top of page
  • Writer's pictureMatt Beaney

#969. Does Jesus still raise the dead? (16/1/24)

Welcome to this Come to Jesus Daily Devotional, where, after a short break, we now continue in the gospel of Luke. This week, we are using Jesus’ account of the raising of the widow’s son as inspiration for our reflections. 

‘Soon afterward, Jesus went to a town called Nain, and his disciples and a large crowd went along with him.  As he approached the town gate, a dead person was being carried out—the only son of his mother, and she was a widow. And a large crowd from the town was with her.  When the Lord saw her, his heart went out to her and he said, “Don’t cry.” Then he went up and touched the bier they were carrying him on, and the bearers stood still. He said, “Young man, I say to you, get up!” The dead man sat up and began to talk, and Jesus gave him back to his mother. They were all filled with awe and praised God. “A great prophet has appeared among us,” they said. “God has come to help his people.” This news about Jesus spread throughout Judea and the surrounding country.’ (Luke 7:11-17) 

Today, we reflect on the truth that Jesus still works miracles but He doesn’t always do as we would want and this is hard and requires deep faith. 


You can listen to this devotional at:


This account of the raising of the widow’s son is an amazing miracle that points to the identity of Christ as the Messiah and Saviour from God and who is God. All miracles are signs that reveal who Jesus is and are recorded in scripture in order for us to put our faith in Him as God and Savour. However, they also provoke us to ask the question as to whether such miracles continue today? Should we expect to see the sick healed and the dead raised?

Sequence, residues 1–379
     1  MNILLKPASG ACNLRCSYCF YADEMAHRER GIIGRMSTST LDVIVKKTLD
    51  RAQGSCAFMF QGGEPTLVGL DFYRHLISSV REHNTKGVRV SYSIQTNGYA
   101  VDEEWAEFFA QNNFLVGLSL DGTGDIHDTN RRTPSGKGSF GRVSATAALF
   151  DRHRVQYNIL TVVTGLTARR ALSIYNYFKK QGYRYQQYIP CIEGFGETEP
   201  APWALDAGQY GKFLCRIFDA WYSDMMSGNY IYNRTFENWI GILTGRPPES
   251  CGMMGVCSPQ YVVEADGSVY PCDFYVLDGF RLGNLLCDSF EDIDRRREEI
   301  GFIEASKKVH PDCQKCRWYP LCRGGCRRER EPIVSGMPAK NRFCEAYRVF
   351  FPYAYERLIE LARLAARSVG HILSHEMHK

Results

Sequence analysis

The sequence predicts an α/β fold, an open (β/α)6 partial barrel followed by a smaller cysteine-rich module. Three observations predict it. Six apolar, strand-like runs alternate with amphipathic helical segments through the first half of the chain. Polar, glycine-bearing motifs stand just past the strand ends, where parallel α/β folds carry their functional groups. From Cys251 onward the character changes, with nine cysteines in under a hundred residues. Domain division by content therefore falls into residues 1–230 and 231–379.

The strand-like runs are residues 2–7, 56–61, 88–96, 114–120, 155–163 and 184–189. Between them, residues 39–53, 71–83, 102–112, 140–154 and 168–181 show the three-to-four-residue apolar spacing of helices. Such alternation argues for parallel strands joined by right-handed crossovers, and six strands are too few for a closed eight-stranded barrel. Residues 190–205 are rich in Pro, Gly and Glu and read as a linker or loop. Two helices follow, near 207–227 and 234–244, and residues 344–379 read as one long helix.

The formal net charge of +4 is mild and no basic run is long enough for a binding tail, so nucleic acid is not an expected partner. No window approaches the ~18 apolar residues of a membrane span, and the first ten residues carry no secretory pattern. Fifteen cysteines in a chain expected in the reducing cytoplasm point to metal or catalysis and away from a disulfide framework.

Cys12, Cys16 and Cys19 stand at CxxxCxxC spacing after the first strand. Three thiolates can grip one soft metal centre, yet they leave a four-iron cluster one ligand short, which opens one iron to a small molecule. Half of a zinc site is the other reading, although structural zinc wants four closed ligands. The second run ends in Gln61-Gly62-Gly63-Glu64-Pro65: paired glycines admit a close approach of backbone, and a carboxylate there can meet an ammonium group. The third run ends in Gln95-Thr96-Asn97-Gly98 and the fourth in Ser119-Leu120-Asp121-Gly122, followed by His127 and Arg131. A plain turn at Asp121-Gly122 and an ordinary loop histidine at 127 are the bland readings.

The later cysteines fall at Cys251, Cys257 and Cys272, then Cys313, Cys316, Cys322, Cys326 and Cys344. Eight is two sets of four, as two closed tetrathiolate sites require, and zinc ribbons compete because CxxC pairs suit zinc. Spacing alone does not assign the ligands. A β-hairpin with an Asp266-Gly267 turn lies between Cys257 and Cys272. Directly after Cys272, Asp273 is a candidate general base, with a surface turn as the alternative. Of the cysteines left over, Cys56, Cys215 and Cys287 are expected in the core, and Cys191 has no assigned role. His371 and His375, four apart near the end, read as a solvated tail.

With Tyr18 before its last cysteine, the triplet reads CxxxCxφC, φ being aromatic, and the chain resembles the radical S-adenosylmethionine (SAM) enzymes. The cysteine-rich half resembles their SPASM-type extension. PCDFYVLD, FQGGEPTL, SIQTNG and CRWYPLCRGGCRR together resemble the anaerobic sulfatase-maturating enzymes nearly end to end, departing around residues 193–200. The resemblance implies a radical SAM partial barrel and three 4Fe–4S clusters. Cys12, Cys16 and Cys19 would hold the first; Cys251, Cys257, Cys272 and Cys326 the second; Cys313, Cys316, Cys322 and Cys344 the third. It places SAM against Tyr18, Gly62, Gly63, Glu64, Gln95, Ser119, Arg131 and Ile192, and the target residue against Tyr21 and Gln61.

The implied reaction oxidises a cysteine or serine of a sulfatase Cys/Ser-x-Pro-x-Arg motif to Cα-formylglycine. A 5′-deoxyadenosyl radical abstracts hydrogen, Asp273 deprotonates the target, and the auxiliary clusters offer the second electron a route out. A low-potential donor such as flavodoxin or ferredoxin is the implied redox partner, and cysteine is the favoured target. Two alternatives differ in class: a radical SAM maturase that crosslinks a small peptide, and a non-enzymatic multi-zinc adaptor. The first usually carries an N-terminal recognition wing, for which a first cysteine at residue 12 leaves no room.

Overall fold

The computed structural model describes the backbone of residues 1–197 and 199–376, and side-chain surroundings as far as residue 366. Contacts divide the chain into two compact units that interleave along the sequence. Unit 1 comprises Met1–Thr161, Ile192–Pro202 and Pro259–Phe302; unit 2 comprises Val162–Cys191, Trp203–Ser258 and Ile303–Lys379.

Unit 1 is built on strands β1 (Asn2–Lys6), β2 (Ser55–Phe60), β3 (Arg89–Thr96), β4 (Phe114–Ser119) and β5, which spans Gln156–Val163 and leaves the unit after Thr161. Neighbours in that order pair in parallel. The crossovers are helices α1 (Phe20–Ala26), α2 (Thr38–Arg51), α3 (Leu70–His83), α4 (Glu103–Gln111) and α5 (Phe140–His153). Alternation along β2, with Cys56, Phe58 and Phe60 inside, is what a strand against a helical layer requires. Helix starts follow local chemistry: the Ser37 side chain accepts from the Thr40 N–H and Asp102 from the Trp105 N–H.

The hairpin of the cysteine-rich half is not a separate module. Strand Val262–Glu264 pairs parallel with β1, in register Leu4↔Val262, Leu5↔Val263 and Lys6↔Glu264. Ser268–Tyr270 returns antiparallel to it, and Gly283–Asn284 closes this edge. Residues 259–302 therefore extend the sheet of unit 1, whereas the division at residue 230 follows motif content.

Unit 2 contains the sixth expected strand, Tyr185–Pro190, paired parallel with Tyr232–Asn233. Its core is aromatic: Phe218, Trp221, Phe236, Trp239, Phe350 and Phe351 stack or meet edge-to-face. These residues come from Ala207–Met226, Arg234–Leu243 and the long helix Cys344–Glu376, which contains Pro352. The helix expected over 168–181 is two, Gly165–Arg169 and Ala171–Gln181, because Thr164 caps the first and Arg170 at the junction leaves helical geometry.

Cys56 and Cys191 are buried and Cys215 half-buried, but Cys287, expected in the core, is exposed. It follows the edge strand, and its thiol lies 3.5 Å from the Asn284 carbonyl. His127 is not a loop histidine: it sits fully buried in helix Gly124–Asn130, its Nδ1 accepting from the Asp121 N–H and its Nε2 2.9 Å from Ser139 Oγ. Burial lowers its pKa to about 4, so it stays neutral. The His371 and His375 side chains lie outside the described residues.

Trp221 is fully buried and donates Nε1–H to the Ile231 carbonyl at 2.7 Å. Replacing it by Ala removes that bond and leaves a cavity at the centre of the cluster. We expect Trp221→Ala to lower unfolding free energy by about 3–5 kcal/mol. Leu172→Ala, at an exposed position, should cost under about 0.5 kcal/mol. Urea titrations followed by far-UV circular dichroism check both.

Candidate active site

This simple answer is yes! The Bible is very clear about the ongoing ministry of Christ through His church. For example, Jesus makes this amazing promise:


‘Believe me when I say that I am in the Father and the Father is in me; or at least believe on the evidence of the works themselves. Very truly I tell you, whoever believes in me will do the works I have been doing, and they will do even greater things than these, because I am going to the Father. And I will do whatever you ask in my name, so that the Father may be glorified in the Son.  You may ask me for anything in my name, and I will do it.’ (John 14:11-14) 

The ‘works’ that Jesus is pointing to are broad but must surely include miracles such as we read in today’s account but, I feel, as many do, has an emphasis on our seeing multitudes born again by the resurrection power of Christ as the church carries on Jesus’ mission. Jesus, of course, is not promising that all Christians are to do all the works of Christ, but that the church - His body - will, together, do His works so as to reveal Christ. We are promised that we will do ‘greater things’. The best explanation of this is that the church throughout the world that is filled with the presence of Jesus will do more - a greater amount - of the things that Jesus did in His ministry as He operated as one man.